We know that Middle Earth has the same constellations we have (at least, our Big Dipper, Orion, and the star Sirius), it has the same year as ours, to within a second, and it has a single large moon, comparable to the sun, which cycles in a month of the same length as ours. Even aside from the "historical" connections in the text (saying that hobbits are rarely seen anymore, or that goblins invented many of our modern engines of war), the astronomical data pretty well pins it down.

A note on the Silmarillion, by the way: The Silmarillion itself isn't really dry at all. The Valaquenta, however, which is published in the same volume, is extremely dry. If you've ever given up on the book, pick it up again, and just skip over the first few sections. You'll be glad you did.

Humble Servant
08-31-2001, 10:49 AM
Originally posted by Fiver
It's a silly argument, in any case. Whether our own distant past or a parallel world, Middle-Earth is a different world from ours. Well I wouldn't belabor this, but he is, after all, recommending a morality to us; if we are fundamentally part of his world because it is our distant past, then this morality can be seen as a "natural law" for us, something inherent to who we are, not just parallel to what we are. If they could do great deeds, I can too because we're organically the same--that sort of thing.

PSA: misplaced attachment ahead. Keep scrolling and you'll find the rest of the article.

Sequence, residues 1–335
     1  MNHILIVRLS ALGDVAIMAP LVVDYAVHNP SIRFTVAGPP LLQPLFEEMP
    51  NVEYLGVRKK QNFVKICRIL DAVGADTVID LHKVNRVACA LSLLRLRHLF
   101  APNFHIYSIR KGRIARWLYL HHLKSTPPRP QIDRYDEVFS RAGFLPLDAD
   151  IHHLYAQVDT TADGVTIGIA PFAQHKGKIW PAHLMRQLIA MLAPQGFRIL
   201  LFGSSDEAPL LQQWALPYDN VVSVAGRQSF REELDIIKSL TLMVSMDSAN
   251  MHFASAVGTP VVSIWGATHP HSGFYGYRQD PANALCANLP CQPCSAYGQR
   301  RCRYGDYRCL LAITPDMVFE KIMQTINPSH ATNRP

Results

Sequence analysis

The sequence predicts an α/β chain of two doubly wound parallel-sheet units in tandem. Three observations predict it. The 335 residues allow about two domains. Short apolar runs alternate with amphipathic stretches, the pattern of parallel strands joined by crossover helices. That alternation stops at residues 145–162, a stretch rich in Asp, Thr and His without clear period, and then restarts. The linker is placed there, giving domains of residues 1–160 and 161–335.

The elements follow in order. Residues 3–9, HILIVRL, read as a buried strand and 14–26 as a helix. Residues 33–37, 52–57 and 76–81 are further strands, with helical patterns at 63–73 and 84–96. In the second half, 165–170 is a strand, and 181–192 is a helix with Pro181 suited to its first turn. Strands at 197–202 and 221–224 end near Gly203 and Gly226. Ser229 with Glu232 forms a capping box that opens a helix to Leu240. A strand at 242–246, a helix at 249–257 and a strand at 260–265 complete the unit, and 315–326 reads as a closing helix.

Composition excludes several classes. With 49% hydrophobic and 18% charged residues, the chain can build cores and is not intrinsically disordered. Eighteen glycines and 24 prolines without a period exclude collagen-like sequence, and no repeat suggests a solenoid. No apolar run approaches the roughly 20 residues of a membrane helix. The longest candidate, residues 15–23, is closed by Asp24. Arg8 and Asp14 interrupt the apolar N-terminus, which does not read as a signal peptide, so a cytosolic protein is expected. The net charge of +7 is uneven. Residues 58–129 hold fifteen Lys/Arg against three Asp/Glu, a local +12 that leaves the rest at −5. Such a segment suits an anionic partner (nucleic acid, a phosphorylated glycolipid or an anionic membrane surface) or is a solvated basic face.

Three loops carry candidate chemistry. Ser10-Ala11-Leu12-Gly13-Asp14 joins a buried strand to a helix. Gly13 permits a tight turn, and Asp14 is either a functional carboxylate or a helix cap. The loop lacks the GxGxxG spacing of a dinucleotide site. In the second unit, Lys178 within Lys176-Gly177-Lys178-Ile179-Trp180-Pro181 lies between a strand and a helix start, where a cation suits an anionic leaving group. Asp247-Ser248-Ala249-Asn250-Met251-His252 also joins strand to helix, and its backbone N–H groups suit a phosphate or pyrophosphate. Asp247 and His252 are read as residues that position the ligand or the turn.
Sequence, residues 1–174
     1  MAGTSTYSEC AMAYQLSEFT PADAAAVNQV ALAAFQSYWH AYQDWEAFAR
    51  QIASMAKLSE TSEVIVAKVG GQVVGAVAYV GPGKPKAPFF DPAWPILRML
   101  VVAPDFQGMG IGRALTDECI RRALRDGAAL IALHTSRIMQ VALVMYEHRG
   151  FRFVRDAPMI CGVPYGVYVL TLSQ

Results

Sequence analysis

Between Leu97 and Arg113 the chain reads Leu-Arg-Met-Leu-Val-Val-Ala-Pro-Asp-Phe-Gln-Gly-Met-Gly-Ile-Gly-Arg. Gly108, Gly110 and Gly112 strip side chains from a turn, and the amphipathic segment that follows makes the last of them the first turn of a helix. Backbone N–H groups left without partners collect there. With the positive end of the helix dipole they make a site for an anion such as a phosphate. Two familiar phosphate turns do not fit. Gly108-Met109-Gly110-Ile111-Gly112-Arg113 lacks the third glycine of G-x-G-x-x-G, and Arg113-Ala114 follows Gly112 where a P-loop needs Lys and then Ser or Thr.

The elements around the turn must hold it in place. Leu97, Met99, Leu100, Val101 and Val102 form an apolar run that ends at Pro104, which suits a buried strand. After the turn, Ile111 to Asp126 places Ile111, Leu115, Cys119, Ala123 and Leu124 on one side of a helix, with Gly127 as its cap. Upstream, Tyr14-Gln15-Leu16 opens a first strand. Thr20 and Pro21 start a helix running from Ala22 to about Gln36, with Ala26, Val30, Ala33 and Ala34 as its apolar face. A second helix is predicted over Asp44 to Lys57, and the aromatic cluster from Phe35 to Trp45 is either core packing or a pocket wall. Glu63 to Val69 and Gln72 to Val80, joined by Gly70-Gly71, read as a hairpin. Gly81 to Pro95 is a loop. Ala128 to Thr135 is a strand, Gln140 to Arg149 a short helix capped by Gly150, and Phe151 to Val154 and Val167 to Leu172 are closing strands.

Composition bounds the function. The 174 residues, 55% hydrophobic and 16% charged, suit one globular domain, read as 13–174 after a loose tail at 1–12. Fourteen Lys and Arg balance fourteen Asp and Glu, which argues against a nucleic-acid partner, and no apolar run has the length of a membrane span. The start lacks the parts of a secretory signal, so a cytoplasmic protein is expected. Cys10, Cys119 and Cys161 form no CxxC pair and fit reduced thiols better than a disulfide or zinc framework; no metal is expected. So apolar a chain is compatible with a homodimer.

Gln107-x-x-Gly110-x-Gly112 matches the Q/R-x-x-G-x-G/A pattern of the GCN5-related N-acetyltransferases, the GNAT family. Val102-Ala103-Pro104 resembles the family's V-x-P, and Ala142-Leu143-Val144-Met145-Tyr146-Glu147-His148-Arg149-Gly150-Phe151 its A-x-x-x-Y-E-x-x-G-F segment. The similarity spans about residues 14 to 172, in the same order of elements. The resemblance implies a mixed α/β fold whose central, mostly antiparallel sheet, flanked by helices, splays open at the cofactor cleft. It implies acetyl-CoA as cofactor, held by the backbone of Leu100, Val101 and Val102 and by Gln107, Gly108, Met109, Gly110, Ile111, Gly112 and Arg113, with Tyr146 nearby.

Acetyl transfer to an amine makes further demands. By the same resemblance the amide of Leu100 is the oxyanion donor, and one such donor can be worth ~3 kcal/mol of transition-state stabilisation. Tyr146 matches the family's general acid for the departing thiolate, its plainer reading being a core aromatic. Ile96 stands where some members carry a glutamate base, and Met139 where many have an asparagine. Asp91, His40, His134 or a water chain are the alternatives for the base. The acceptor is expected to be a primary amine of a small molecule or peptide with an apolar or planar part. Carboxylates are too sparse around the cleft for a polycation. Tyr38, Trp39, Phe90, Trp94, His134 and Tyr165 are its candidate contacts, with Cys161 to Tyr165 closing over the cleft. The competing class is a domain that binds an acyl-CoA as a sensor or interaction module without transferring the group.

Here's a hodgepodge of questions from the earlier chapters I have finished (BTW, I really admire those of you who can remember everything from the Silmarillion and the other works--I can't keep it straight in my head without peeking):

1. How do the stone giants fit into the world? They seem to be good (or at worst neutral) since Gandalf plans to ask them to block up an orc cave.

2. Aren't the wargs scary? I read Willa Cather's My Antonia (which has a horrifying story of wolves attacking a bridal party and the drivers saving themselves) around the time I first read TH, and between these descriptions of wolf packs, my enthusiasm for the reintroduction of wolves into populated areas has gone way done. Why do we have the "lone wolf" as an icon when they are much more dangerous in packs? Is a lone wolf more noble because it doesn't pillage with its pack?